You can lead wisely!

Leadership is in more than several ways overemphasized and presented in a much complicated manner explain the leader follower dynamics and transactions. Several theories of leadership extending from a transactional view to LMX perspective and servant leadership, have enriched the literature. Just about when everyone was trying to emulate smart leaders like Bill Gates and Jack Welch, Prasad Kaipa and Navi Radjou introduced a new idea : How do leaders transcend their smart leadership capabilities to become a wise leader. These authors argue that the difference between a smart and wise leader is not about the difference in their perspective,action orientation, role clarity, fortitude or motivation. The wise leadership is all about ethics, shared value and larger purpose.
Here’s my take on wise leadership ( this cuts across leadership roles, situations, professions etc). A wise leader is like lord Krishna in epic Mahabharata.
• Has the attitude to serve
• Be on the side of truth
• Carries leadership role with equanimity
• Performs with a sense of duty
Particularly in the context of sales leadership, it’s important to underline the result orientation and performance pressure that the sales leaders manage day in and day out. Striking the right balance between high performance and associated job stress is something that sales leaders must deal successfully to achieve high sales force morale and job satisfaction. So what does it take to be a wise sales leader? Someone who has the answers to the following:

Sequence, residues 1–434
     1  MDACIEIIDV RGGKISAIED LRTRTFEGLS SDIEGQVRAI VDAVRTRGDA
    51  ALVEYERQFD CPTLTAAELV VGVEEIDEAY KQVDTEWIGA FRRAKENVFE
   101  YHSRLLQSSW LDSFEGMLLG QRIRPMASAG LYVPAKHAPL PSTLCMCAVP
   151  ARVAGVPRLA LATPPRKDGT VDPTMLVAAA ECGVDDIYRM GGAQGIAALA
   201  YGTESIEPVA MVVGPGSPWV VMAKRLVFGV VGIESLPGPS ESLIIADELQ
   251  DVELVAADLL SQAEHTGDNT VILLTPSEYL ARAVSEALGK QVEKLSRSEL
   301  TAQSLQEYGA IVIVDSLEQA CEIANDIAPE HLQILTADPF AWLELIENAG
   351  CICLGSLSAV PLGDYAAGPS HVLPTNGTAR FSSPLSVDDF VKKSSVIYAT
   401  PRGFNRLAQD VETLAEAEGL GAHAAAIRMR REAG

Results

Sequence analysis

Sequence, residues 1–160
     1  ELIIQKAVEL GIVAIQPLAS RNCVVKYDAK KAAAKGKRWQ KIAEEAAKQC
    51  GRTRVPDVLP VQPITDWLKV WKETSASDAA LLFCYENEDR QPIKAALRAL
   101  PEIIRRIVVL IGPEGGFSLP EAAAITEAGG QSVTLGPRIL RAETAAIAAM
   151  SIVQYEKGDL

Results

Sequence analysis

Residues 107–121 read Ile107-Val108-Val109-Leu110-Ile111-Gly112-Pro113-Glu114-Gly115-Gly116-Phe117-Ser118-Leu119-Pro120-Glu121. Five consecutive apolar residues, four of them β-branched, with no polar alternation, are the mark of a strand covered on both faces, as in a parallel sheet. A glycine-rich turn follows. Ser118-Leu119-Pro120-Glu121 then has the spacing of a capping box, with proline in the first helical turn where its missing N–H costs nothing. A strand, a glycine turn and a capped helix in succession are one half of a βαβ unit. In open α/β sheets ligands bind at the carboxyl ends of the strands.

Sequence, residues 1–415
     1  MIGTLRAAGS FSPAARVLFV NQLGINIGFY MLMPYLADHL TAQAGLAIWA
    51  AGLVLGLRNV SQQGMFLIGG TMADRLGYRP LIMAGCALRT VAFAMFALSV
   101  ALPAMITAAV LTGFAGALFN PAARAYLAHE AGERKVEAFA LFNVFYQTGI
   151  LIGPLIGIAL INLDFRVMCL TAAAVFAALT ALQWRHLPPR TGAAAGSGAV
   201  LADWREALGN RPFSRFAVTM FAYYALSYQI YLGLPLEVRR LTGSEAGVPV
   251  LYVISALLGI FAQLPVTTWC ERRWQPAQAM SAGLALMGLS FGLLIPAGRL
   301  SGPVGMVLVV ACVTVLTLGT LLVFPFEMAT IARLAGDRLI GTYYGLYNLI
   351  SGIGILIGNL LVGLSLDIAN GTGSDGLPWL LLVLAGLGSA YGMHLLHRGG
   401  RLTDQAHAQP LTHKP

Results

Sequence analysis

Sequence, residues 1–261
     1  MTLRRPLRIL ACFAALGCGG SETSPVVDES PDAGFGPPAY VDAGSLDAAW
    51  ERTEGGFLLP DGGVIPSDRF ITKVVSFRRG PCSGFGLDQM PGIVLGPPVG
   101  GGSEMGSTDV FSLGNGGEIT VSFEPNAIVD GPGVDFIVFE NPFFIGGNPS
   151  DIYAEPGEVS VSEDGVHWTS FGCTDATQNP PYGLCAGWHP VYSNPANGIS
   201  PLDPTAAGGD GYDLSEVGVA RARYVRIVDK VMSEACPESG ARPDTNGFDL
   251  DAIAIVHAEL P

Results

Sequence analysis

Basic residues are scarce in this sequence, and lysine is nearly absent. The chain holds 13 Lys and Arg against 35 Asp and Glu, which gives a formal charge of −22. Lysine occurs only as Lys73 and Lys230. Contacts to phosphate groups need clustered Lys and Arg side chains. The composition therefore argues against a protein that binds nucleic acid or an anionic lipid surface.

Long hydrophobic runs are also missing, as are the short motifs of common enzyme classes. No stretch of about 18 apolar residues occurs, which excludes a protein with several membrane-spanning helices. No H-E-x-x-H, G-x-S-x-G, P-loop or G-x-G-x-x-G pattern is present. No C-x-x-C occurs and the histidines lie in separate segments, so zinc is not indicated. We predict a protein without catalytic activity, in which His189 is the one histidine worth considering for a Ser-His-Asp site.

• Self-Awareness: Who are you? Do you know yourself well enough? Know your strengths and weaknesses. Know your values and let these values add more strength to your thinking and actions. What are your aspirations? Where do you want to go with your team?
• Do you have a story? : All right you know yourself very well. Do you have a story for your team? Or you have the same daily operational conversation that possibly can be accomplished through non-human communication tools! Have you weaved in your strategic insights into a nice and racy story that explains your business objectives and outlines the paths leading to those objectives? Des this story of yours reflect your own commitment to the central theme of the story?
• Can you sell your story? : Your team members look up to you for support and guidance. You need to sell your story to each of your salesperson so that they perform with a sense of calling and membership. If you can sell your story successfully then you have ‘ buy in’ from your team for the larger picture and the broader purpose of the collective toil and stress that is being committed to day-to-day business activities.
• Are you ready to give it all? A wise leader leads with an attitude to serve and perform his duties without staking any claims for ‘credits’. Yet, he/she puts his/her reputation behind his team in case of a failure/under performance.

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Add Talent Muscle to Your Sales Force